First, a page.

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TMRE: The Market Research Event

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October 8-10, 2024
Loews Royal Pacific ResortOrlando, FL

Influencing Social Change

All Things Insights’ Seth Adler sat down to discuss the power of insights when focused on social issues with Justin Coates, Eastman’s Head of Global Market Research & Consumer Insights. Coates is bringing his expertise to bear on the global waste crisis in the TMRE session, “Recycling Revolution Leveraging the VoC to Shape the Public Debate on Molecular Recycling.”

Insights into the waste crisis can help stimulate change, says Coates, whose Eastman responsibilities include leading business intelligence, customer experience, user experience, foresighting and consumer insights across the company.

An issue of focus for Coates, as part of his responsibilities, is recycling and an approach to it that can address the real concerns expressed by people in the street and in national capitals.

“I think as an insights community, we love to geek out on all things, art and science, of insight generation,” Coates says. “But we don't always talk about the outcomes.”

For the most part, the great insights and stories developed provide a means of reaching certain specific ends, such as growing the company's bottom line by a certain percentage, or launching a cool product people love, or getting people to adopt a new behavior, Coates says. Those ends are fine and productive. However, insights can bear on other dynamics that are critical to society today such as sustainability and, as part of that, establishing sustainable waste practices.

“What I'm really talking about are what you'd call changemaker insights: How do you leverage insights to change and shape the sustainability strategies of some of the largest global brands that have an influence around the world. Or how do you change the mindset of government or NGOs around topics related to tackling the global waste crisis. My hope is, in the session, people come away with the knowledge that insights not only can drive business growth but also can be a part of changing the world,” says Coates.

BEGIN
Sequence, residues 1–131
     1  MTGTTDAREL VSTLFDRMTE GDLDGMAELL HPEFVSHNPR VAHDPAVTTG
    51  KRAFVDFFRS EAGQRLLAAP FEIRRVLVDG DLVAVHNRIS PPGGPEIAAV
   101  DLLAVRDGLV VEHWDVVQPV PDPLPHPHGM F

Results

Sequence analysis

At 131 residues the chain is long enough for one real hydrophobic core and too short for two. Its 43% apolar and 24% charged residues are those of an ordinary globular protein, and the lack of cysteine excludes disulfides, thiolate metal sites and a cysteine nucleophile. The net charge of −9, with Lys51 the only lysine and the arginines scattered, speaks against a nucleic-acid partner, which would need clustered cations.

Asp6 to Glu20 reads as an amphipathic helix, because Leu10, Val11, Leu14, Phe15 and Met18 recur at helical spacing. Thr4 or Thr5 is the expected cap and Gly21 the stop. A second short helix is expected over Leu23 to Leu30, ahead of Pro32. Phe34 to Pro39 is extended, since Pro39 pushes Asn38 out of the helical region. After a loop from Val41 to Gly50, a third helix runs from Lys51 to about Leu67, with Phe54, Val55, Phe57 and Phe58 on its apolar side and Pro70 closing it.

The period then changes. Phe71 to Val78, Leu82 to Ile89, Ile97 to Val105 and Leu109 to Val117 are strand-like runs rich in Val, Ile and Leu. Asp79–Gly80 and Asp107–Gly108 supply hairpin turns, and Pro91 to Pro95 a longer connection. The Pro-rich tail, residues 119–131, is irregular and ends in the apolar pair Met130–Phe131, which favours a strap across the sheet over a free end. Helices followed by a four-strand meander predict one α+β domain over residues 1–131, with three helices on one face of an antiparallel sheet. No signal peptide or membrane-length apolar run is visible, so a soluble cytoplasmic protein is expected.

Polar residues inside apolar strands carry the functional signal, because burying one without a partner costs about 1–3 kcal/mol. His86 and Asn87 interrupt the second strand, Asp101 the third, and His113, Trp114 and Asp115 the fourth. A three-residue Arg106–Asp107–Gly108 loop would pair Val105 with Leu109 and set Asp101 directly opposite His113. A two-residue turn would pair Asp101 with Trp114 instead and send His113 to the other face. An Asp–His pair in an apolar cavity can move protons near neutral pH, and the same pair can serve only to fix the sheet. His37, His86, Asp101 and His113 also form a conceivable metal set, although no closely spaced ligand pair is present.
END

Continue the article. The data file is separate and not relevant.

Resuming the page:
A specific example is one that can demonstrate how insights into social needs can generate new ways of approaching a challenge.

Coates continues, “If we think about recycling, there's relatively two types. The first, I think most people are familiar with, which is mechanical recycling, where waste is collected in certain types and shredded, melted down and created into new products. And there’s definitely a home for mechanical recycling. But that doesn't address all the types of plastics. So there are different forms of recycling, one which Eastman is definitely investing in called molecular recycling. So instead of kind of shredding it up, melting it down, you're actually taking plastic down to the molecular level, and being able to use that to create brand new products that don't compromise on performance. So what I'm going be talking about is consumers' reactions to this concept. We know that the waste crisis is a top-tier environmental concern among consumers around the world in a time where we have a very polarized country in the U.S., but also in other regions.”

The waste crisis is, when examined, an issue that actually cuts across generations and political divides, Coates says.

“If you're looking for something that unites Gen Zers with Boomers, talk about the waste crisis,” he contends. “They really care about that. And the positive reaction, the enthusiasm around this solution is something that's been very powerful as we bring that to global brands to NGOs to legislators to get their buy-in on what we're trying to do.”

See the video for more on Seth Adler’s conversation with Justin Coates, as they discuss how insights can advance social change.